Marxist geographies and the housing question: Evictions, urban marginality, and the right to the city

Socialist Circle‘s Marx Festival, 10 April 2018, Polytechnic University of the Philippines

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We know about Marx on capital, Marx on land, and Marx on class, but we ask too few questions and talk too little about the implications and intersections of these relations on the housing and urban question. Who gets to live in Metro Manila? Why are some social groups more ‘qualified’ than others? On what basis is urban citizenship assigned? Why is it acceptable for the homeless and the urban poor to be relocated outside the urban core? What does a just city look like?

This talk draws upon the work of Marxist geographers, but centers attention on Filipino critical urban scholarship (Ortega 2016), to explain how the relations of power that enfold the concepts of capital, land, and class congeal to facilitate the eviction of low-income social groups to give way to more profitable and more ‘optimal’ land uses. Marxist and critical urban scholars refer to this as “accumulation by dispossession” (Harvey 2009) and “gentrification” (Glass 1994); but in Philippine cities, particularly in Metro Manila, this manner of losing life and home to capital is more commonly referred to as ‘neoliberalism’.

While processes of extraction and cycles of expulsion crucially define the neoliberal/capitalist city, I argue that urban marginality is likewise and perhaps even more viciously reproduced beyond capital accumulation. In this talk, I specifically consider the new technologies of class-based dispossession and spatial segregation (i.e., DRRM and ‘resilience’) that systematically banish and vanish Manila’s urban poor.

This discussion on the reproduction of spatial inequality via class-based evictions forwards the socialist alternative of putting non-financialized social housing at the center of city-making and urban transformation. Ultimately, the socialist question cannot be answered to the exclusion of the urban and housing question.

what is the housing question for metro manila

the housing question also asks

danger zone evictions 2009, 2010, 2017


Glass, Ruth L. 1964. London: Aspects of Change. London: MacGibbon and Kee.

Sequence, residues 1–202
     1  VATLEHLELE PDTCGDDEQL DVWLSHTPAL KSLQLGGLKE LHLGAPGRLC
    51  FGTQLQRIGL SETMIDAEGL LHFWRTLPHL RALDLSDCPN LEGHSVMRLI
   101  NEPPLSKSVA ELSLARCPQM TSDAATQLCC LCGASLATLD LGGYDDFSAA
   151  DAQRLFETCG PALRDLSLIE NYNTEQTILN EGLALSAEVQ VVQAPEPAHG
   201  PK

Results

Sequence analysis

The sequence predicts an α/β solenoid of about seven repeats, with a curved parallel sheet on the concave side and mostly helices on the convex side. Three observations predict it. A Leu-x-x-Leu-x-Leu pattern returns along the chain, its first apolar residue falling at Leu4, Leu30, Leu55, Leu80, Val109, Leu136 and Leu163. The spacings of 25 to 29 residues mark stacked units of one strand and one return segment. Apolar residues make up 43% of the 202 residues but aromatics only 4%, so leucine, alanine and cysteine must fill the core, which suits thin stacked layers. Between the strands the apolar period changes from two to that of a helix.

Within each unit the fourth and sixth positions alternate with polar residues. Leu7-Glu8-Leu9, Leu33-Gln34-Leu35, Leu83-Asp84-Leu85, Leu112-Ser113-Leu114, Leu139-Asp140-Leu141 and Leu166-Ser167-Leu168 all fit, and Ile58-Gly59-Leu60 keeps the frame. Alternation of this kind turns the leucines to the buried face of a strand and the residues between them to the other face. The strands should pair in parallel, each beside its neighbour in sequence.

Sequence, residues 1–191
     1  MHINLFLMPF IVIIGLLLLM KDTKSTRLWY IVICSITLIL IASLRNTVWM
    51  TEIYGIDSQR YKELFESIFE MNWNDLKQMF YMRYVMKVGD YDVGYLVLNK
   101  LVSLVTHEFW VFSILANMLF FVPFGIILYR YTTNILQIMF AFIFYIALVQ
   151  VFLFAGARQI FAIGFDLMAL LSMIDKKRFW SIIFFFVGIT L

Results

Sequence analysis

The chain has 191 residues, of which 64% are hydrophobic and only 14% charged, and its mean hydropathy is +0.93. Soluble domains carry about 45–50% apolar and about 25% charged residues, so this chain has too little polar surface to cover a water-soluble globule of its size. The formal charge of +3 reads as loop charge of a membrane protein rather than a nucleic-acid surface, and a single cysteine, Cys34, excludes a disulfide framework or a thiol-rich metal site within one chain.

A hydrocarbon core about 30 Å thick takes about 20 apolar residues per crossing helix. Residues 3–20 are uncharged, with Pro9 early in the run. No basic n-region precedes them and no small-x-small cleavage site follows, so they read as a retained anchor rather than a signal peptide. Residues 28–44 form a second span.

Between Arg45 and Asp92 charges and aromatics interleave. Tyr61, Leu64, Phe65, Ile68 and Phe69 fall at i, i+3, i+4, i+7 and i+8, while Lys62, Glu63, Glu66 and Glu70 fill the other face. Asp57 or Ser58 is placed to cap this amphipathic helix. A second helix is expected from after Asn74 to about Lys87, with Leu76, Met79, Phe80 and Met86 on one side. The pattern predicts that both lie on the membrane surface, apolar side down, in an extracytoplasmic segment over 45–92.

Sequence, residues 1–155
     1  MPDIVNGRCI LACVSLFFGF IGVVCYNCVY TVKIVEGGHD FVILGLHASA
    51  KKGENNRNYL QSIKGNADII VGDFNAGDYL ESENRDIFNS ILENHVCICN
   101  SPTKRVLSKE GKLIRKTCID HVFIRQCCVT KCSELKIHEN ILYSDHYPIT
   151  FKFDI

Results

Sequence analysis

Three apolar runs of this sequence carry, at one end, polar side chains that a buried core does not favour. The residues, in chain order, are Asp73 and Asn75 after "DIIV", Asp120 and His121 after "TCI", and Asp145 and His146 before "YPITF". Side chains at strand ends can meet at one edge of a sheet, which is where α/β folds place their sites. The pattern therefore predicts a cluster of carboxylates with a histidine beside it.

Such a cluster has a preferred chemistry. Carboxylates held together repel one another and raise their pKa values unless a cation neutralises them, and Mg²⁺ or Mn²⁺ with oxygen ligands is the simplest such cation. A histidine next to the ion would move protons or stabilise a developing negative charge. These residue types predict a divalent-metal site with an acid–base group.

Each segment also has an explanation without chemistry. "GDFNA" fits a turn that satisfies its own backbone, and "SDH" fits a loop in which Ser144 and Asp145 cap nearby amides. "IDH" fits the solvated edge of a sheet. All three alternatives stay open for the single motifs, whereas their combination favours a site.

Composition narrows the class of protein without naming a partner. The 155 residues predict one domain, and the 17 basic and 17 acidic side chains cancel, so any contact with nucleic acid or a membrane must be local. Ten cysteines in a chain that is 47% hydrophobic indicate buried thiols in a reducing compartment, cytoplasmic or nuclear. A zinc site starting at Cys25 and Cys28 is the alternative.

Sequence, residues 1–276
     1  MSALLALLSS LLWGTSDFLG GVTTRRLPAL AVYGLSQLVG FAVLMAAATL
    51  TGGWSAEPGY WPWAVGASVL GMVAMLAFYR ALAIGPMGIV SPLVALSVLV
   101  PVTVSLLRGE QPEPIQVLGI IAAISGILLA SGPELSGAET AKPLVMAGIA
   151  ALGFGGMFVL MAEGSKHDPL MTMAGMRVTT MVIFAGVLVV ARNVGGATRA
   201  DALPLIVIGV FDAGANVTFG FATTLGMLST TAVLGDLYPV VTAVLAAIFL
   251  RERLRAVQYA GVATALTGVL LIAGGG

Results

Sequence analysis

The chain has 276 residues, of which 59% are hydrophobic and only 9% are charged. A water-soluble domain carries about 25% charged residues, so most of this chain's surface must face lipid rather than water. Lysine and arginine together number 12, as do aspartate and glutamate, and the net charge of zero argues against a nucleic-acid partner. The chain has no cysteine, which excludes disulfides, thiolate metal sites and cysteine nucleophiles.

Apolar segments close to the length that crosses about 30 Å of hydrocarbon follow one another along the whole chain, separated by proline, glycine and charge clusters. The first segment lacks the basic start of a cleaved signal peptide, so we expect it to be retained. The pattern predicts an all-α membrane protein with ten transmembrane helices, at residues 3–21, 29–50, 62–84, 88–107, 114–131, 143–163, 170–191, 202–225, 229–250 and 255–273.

Harvey, David. 2009. “The ‘New’ Imperalism: Accumulation by Dispossession.” Socialist Register 40:63-87.

Ortega, Arnisson Andre C. 2016. Neoliberalizing Spaces in the Philippines: Suburbanization, Transnational Migration, and Dispossession. Lanham, Maryland: Lexington Books.

Author: Khristine Alvarez

I am a critical urban sociologist, geographer, and political activist previously based in Manila, and currently working on a PhD The Bartlett Development Planning Unit (DPU), University College London (UCL). I am the recipient of the 2018 DPU 60th Anniversary Doctoral Scholarship Award, as well as the 2018 Gilbert F. White Thesis Award from the Hazards, Risks and Disasters Specialty Group (HRDSG) of the American Association of Geographers (AAG). My PhD research examines how ‘danger zone’ evictions as a consequence and requirement of resilience-seeking in post-Ondoy (2009-present) Metro Manila transformed coastal and riparian corridors in the urban core and created relocation hubs in the periphery. Through a critical genealogy and ethnography of the Metro Manila Flood Management Project and the Informal Settler Families Housing Program, it aims to weave a critical account of ‘resilient’ city-making and theorise the new drivers and new modes of dispossession that reconfigure urban and peri-urban space in vulnerable Southern coastal cities.

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